Why automation isn’t going to replace your Hardrock underground mining job anytime soon

The talk of replacing miners is everywhere in the media today, but how much automation do our Australian mines have left to do? The short answer is none, because all these advancements we read about in overseas mines have already happened here. The large advancements in automation that are being reported on around the world were all developed here, in the Australian Hardrock industry more than a decade ago. Only now are mining companies from around the world adopting the equipment and mining methods of our industry.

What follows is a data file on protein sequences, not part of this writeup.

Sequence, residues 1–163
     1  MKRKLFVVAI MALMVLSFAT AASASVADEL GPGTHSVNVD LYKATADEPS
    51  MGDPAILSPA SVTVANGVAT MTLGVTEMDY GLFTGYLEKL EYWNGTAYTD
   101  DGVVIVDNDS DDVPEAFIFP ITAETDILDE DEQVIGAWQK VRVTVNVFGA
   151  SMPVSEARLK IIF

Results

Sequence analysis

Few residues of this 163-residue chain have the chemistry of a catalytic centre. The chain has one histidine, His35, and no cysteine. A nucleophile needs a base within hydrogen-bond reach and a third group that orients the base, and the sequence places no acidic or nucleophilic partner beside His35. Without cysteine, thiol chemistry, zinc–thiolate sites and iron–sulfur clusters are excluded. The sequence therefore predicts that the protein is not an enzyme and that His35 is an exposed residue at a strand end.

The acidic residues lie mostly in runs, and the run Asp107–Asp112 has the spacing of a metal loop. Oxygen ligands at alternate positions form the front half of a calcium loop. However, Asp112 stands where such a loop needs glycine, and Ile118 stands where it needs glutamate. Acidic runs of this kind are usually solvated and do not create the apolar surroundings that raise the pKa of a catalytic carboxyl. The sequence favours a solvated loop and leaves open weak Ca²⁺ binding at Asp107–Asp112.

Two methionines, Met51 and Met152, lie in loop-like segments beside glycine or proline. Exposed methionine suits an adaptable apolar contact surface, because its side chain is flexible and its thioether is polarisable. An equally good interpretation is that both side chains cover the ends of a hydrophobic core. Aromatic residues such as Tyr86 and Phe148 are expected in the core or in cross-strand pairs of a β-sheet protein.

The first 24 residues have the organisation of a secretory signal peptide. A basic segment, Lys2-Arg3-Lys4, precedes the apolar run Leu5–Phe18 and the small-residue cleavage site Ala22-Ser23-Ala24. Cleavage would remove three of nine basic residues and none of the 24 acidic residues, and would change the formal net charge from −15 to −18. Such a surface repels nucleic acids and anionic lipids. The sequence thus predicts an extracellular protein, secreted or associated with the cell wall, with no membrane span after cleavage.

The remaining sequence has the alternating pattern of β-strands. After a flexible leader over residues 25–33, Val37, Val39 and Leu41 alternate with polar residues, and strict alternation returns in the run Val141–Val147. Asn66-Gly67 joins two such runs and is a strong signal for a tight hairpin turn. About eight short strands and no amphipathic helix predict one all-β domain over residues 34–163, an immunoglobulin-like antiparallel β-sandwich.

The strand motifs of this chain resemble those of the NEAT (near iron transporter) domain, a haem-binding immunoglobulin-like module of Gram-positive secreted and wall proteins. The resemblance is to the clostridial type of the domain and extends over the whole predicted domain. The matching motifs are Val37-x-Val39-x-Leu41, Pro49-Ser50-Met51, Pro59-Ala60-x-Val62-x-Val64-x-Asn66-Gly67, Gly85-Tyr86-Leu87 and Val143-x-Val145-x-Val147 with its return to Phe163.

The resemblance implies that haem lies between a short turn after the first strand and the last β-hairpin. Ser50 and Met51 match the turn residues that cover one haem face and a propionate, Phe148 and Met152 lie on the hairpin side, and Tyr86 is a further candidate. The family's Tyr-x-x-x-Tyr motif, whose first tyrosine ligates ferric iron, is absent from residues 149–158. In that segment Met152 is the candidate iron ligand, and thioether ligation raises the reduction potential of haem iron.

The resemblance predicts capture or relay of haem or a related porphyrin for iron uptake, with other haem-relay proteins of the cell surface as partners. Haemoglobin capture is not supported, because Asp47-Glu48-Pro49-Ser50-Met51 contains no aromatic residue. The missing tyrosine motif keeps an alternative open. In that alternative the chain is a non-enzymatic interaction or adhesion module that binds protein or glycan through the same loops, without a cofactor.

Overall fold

The big advancement was the remote underground loader that can drive itself back to the stock pile once the operator has got the bucket of dirt. That’s right the boggers (underground loaders) still need an operator to get a bucket of rock and this is the story not being told. Yes, some machines can work by themselves but what happens when something goes wrong, how much damage can be done? When you are talking about mining equipment, lots. Often the cost of repair is as much as an operator would cost for a whole year or more. Take what happen when they tried to get a loader to bog its own bucket of rock. It ended up stripping the front tyres, at $18,000 a tyre it didn’t take long for them to give up and the technology hasn’t advance any further since. Yet we still get stories from around the world about these “new technologies” that are going to replace people working in our mines.